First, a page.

Pequot Museum: Gamboling vs. Gambling

Mashantucket Pequot Museum and Research Center

As you approach the Mashantucket Peqout Museum and Research Center, on a lovely tree-lined weaving boulevard, you encounter a fork in the road; you‘d be well advised to take the way to the left toward the museum itself, where you would undoubtedly be well rewarded, and that will have made all the difference. The way to the right leads to Foxwoods Casino and its complex, where whether you will be rewarded is much less of a certainty. That left choice is almost immediately a satisfactory one, as the outside and grounds of the museum are stunning. Apart from the anticipated natural beauty of its surroundings, the building itself is strikingly beautiful, having won many architectural and design awards. It’s an awesome beginning, but only the first of many such distinctive elements; real beauty lies inside.

The largest Native American museum in the world, a day trip from Boston and New York, (in Ledyard, Connecticut, off I-95), it operates as a non-profit institution. Opened in 1998, the museum is owned and operated by the Pequot Tribal Nation. Since the opening, it has received almost two million visitors (including over 40,000 school children and teachers each year). The permanent exhibits follow the history of southern New England both with respect to its natural development from the Ice Age until today, as well as that of the Pequot people (and other tribal nations of the Eastern Woodland). These include a 16th century Pequot Village with fifty life-size Native American figures, wigwams, a long house, and a half acre of other depictions of early life. This is perhaps the highlight of the museum, but there’s a lot more to experience and enjoy.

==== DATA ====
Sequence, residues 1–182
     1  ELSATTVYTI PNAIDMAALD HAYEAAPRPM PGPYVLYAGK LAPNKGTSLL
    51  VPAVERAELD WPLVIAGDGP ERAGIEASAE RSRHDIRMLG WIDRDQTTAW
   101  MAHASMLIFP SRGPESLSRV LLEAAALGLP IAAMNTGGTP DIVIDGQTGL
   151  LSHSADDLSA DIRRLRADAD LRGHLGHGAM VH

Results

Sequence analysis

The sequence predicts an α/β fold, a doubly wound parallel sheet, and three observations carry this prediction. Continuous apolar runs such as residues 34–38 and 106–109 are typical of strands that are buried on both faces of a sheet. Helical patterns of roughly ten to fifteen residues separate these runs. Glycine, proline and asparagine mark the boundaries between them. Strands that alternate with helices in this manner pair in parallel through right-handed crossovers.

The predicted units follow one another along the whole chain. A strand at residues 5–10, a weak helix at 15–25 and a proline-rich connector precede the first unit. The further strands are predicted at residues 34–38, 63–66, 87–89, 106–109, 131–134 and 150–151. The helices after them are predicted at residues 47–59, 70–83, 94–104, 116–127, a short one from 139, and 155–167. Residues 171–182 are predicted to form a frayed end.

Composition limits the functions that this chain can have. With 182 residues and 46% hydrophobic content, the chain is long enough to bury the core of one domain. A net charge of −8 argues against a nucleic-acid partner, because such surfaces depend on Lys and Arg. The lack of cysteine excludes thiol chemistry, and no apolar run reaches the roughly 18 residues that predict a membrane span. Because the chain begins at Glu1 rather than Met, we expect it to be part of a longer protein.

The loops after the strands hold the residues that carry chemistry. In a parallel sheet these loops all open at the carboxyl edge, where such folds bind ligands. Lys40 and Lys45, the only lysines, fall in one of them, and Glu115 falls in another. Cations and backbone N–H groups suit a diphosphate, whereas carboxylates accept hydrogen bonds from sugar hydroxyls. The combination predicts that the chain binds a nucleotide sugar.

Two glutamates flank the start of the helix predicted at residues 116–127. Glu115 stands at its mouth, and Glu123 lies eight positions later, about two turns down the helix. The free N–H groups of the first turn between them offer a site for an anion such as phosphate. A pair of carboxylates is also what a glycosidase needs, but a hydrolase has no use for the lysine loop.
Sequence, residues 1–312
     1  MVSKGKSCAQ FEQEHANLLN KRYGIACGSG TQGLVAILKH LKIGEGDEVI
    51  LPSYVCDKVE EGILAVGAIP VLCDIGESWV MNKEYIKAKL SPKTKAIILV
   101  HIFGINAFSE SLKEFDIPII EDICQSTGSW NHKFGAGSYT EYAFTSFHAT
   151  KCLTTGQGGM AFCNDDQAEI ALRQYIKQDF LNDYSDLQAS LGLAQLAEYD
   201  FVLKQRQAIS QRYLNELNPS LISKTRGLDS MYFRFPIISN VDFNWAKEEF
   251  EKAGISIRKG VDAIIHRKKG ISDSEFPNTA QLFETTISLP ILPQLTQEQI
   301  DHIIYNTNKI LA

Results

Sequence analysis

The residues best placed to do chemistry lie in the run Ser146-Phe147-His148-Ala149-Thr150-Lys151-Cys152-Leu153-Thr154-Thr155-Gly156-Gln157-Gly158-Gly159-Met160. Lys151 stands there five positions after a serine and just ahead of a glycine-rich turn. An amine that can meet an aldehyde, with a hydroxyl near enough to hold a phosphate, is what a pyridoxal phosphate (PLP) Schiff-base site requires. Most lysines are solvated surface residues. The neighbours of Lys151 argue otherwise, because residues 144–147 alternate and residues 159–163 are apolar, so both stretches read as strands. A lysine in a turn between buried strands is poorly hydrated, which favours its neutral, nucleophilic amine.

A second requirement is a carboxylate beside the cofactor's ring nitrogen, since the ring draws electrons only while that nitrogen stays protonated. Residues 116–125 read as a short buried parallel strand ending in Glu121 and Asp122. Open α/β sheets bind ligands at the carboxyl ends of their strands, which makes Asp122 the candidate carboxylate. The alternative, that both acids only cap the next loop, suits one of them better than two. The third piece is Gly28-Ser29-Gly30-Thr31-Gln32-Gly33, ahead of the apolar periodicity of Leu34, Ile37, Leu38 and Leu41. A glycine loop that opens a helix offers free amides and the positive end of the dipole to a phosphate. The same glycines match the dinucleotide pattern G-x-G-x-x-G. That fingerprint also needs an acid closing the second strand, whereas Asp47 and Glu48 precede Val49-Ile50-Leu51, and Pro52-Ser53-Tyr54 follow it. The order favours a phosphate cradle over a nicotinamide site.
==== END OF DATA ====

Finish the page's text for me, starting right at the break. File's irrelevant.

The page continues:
Along with state of the art multi-media and hands-on computerized information stations, there are a dozen videos on various aspects of Native history and culture, and a half-hour filmed reenactment of the 1637 Pequot War, “The Witness”. Whether your interest is botany, geology, archaeology or history in general, you’ll probably appreciate the glacial crevasse, the dioramas including a reenacted caribou hunt, the tribal portrait gallery and the temporary exhibits. Of special interest is the aforementioned Pequot Village, with a complimentary pre-recorded self-guided tour. Along the way, you’ll encounter beadwork, quillwork, ribbon work and silverwork. Sounds like a lot of work, but for the visitor it’s immensely immersive fun to see crafts from the Penobscot, Micmac and Iroquois as well as your Pequot hosts. Top if off (literally) with a trip to the top of the observation tower; it’ll be the crowning moment of a fully rewarding visit.

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